JOSH:  A little of both, I’d say.  I agree with a lot of what you said.  I appreciated the hard sci-fi approach it takes.  I was pleasantly surprised that it didn’t involve a cartoonish monster, or a virus infecting a crew member, or space zombies, or whatever else.  Just a straightforward space mission with decent people committed to their jobs, generally good at them, and simply overmatched in the end by the near impossible circumstances they’re thrust into.  One of my beefs about found footage in general is how lazy the writing and filmmaking often is – too much improvised dialogue, too much sloppy handheld camerawork. Europa Report sidesteps both of those to a significant degree.  The locked down camera is actually pretty well positioned, so you can tell that the director actually thought about framing and composition and stuff. And a lot of the dialogue is dense with scientific language, so you know that it wasn’t just improvised on set by a bunch of dummy actors (I kid…  sort of).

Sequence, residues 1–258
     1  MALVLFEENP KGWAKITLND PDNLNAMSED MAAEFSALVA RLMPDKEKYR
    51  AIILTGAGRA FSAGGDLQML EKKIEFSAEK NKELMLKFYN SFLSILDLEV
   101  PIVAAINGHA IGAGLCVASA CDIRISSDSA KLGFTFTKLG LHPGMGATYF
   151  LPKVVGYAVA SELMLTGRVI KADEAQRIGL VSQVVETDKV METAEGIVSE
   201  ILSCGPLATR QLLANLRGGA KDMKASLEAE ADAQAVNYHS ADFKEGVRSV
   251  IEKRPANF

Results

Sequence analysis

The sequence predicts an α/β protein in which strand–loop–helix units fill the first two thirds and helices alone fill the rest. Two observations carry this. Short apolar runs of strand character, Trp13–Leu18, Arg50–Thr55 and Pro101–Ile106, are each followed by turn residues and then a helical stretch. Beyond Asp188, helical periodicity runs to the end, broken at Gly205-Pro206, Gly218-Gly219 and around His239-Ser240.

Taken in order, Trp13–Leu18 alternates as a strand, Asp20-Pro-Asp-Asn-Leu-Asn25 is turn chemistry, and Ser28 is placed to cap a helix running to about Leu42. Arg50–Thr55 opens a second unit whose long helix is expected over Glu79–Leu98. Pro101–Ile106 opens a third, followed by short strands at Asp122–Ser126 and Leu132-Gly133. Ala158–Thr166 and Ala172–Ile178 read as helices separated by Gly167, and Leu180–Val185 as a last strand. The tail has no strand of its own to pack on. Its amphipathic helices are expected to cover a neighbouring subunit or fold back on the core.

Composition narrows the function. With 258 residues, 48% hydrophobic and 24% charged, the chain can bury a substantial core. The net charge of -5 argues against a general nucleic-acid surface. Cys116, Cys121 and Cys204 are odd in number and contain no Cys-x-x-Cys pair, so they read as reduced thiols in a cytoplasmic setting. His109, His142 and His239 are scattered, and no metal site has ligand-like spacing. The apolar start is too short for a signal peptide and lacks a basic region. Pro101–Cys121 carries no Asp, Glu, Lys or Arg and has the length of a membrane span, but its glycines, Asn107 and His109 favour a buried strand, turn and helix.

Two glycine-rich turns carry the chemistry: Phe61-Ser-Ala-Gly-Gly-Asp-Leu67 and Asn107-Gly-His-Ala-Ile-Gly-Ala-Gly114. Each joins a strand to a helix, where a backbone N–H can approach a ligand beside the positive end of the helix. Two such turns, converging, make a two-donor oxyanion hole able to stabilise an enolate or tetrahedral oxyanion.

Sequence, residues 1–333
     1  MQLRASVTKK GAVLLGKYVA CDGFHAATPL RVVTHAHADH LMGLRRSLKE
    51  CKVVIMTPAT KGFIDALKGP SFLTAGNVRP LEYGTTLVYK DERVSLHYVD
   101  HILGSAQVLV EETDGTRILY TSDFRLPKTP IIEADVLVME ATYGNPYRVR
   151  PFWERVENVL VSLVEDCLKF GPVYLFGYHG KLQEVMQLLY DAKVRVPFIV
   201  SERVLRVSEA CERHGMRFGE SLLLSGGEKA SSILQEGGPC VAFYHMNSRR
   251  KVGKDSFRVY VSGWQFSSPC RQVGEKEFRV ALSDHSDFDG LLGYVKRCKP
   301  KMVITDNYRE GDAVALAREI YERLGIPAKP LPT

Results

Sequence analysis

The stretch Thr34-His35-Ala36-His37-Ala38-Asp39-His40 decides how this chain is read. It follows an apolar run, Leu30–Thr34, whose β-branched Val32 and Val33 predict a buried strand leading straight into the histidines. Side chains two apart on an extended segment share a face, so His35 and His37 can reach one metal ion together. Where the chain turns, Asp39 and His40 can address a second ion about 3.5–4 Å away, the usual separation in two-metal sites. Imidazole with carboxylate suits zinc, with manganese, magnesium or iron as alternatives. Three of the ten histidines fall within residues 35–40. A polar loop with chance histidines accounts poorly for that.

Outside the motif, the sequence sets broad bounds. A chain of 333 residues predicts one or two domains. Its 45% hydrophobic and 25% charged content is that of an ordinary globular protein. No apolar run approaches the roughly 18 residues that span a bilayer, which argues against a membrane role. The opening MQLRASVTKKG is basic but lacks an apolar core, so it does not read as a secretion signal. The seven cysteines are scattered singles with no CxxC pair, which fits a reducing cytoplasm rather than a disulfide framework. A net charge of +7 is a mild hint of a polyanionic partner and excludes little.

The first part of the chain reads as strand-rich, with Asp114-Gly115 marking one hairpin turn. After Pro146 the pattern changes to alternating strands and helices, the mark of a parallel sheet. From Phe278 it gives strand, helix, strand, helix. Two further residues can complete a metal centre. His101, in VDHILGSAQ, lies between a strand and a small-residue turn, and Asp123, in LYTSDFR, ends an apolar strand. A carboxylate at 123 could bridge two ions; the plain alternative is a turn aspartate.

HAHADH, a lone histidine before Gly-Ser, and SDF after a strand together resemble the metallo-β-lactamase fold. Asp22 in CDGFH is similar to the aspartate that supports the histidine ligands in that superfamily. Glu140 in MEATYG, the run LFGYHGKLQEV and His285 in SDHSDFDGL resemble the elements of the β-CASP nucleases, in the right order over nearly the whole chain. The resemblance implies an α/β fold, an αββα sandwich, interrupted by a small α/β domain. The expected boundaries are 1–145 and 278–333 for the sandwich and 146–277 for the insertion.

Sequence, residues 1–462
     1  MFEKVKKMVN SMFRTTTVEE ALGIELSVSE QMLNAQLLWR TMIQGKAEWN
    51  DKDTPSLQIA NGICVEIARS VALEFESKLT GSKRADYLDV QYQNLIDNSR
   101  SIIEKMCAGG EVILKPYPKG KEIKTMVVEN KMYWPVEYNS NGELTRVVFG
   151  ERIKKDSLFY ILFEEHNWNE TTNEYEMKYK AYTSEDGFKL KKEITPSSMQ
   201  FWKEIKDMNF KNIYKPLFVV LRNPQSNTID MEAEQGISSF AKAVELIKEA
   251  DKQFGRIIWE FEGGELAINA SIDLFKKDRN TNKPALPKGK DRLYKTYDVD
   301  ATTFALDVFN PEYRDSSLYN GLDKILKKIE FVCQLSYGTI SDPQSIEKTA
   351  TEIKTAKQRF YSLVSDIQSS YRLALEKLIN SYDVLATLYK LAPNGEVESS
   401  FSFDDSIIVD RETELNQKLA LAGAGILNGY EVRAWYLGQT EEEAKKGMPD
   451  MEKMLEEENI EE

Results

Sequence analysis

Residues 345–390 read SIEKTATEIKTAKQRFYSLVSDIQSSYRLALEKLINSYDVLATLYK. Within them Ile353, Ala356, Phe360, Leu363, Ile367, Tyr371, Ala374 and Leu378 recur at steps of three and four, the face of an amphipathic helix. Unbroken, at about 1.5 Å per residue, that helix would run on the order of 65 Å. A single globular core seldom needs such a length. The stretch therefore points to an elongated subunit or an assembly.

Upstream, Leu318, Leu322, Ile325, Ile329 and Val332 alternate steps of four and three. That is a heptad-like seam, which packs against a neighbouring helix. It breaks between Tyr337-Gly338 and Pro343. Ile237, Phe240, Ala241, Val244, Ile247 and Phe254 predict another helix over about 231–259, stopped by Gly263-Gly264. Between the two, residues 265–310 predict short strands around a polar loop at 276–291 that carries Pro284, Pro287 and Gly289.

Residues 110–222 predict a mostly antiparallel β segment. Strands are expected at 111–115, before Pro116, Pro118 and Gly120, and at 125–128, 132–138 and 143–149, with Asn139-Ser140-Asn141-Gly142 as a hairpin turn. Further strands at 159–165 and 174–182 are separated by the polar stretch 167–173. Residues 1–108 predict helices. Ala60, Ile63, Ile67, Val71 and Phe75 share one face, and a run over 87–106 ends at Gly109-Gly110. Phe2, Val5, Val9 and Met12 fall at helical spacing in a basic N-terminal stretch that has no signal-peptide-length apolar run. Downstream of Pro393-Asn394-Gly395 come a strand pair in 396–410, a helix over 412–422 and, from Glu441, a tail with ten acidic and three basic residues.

That said, yes, I was mostly bored.  As you might be able to guess from the above, I go into most found footage movies predisposed against liking them, so the fact that I thought Europa Report was, like, solid enough is a victory of sorts.  I always like the idea of found footage, because it seems like such a good opportunity to realize ambitious ideas, whether conceptual or thematic, on a small budget. In practice, though, and this is a problem Europa Report doesn’t find a way around, it just means an awful lot of narrative wheel spinning.  A lot of time devoted to nothing in the name of getting to the big thing that we’ll glimpse for half a second at the end, because that’s all they have the effects budget for. It’s a narrative approach that almost all of these movies take, and it’s always so God damn boring and predictable. The obligatory early banter between the crew members, the overwrought emoting as the mission starts to go wrong, the mystery that isn’t really a mystery because we know what kind of movie we’re watching, and then just a lot of yelling as the final reckoning approaches.  So much yelling in these movies.